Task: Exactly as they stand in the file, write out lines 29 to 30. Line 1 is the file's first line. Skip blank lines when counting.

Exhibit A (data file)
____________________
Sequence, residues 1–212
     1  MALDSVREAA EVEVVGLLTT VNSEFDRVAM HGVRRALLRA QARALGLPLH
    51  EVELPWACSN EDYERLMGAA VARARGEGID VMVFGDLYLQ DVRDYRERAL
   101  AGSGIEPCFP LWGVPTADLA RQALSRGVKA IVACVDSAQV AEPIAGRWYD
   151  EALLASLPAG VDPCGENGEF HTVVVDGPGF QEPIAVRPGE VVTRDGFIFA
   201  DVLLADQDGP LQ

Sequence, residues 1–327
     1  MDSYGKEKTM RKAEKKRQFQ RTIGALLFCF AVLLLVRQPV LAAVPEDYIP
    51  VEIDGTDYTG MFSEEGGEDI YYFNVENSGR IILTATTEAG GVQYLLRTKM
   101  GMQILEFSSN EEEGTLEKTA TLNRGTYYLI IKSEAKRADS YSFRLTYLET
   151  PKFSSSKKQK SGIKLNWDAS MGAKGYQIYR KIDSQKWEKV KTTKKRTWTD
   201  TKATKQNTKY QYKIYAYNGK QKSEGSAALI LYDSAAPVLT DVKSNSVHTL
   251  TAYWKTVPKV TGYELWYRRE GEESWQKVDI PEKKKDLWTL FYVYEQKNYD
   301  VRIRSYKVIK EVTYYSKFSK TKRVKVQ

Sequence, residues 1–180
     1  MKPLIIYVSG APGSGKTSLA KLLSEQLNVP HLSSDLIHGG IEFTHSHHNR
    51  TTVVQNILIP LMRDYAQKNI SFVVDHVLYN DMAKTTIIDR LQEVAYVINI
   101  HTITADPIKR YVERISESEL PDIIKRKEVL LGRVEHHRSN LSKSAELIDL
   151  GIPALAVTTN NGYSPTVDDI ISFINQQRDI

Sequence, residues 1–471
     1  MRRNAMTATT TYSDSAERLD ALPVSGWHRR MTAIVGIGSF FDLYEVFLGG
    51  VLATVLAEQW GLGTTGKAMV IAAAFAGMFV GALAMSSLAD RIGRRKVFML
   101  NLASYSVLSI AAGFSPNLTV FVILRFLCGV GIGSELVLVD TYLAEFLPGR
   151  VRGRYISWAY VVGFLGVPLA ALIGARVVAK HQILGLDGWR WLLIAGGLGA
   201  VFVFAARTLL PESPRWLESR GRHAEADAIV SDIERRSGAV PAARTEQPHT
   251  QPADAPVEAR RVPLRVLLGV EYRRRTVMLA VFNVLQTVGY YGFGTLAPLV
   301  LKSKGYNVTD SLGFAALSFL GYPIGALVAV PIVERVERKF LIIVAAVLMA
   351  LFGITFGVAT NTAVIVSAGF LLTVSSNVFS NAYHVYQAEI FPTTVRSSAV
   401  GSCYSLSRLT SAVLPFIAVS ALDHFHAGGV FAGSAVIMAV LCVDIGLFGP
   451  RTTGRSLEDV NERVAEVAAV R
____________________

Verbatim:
   401  GSCYSLSRLT SAVLPFIAVS ALDHFHAGGV FAGSAVIMAV LCVDIGLFGP
   451  RTTGRSLEDV NERVAEVAAV R